Can Home Depot Raise the Roof Again?

Just how closely does this stock track residential real estate anyway? Or does this lagging member of the Dow need something entirely different -- like better store service -- to fix its problems?

To their credit, Home Depot's executives didn't wallpaper over the giant retailer's results for the quarter that ended April 29. The Depot's bosses admitted that performance was awful and that the rest of the year won't be grand, either. First-quarter sales at U.S. stores open more than a year dropped 7.6% from the same period last year. Gross and net profit margins shrank. The average sales ticket -- that is, what every customer spent on a given trip to the store -- also went down. That's partly because the stuff that did sell briskly -- home appliances -- moved only because of deep discounts.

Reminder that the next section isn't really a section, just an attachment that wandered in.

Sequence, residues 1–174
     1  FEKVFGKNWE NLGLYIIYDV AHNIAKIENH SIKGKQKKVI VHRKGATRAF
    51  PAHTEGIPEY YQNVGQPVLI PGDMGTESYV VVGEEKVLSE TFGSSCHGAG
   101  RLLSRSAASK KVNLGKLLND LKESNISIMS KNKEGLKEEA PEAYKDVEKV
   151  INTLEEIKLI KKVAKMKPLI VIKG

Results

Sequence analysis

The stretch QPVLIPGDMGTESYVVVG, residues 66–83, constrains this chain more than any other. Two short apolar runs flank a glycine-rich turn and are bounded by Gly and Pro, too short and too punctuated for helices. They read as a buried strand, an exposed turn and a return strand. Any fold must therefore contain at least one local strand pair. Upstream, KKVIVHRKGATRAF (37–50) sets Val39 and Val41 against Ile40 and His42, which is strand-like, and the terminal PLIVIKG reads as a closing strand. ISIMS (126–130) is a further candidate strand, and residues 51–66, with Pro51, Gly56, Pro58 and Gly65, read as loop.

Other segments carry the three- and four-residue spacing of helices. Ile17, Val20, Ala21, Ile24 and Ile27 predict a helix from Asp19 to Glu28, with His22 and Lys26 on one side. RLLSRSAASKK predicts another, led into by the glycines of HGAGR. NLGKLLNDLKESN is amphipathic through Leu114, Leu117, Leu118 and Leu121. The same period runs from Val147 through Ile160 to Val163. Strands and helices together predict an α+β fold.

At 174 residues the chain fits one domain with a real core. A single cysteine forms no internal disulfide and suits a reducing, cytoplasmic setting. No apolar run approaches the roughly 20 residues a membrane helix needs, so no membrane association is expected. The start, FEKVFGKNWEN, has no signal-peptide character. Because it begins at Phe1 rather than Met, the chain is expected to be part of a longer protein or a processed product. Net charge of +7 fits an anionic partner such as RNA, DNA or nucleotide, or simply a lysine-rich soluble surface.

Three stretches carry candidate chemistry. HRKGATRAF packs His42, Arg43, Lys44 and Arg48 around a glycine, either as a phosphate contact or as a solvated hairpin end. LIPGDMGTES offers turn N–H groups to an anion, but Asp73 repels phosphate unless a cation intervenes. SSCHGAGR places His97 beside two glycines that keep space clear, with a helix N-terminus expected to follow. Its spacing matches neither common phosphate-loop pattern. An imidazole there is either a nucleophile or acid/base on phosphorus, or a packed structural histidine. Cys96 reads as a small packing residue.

Shades of Wal-Mart? Looks that way. And there's more. Since 2002, Home Depot (symbol HD) has spent $16.5 billion to buy back shares, to little avail. The stock's annualized total return for the past five years is -2%. There's a lot more here than the failure of ousted CEO Bob Nardelli and the controversy over the $210 million he got to resign. What's a mere $210 million when a slug of corporate capital 80 times greater failed to give long-term stockholders even under-the-mattress returns?

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Jeffrey R. Kosnett
Senior Editor, Kiplinger's Personal Finance
Kosnett is the editor of Kiplinger's Investing for Income and writes the "Cash in Hand" column for Kiplinger's Personal Finance. He is an income-investing expert who covers bonds, real estate investment trusts, oil and gas income deals, dividend stocks and anything else that pays interest and dividends. He joined Kiplinger in 1981 after six years in newspapers, including the Baltimore Sun. He is a 1976 journalism graduate from the Medill School at Northwestern University and completed an executive program at the Carnegie-Mellon University business school in 1978.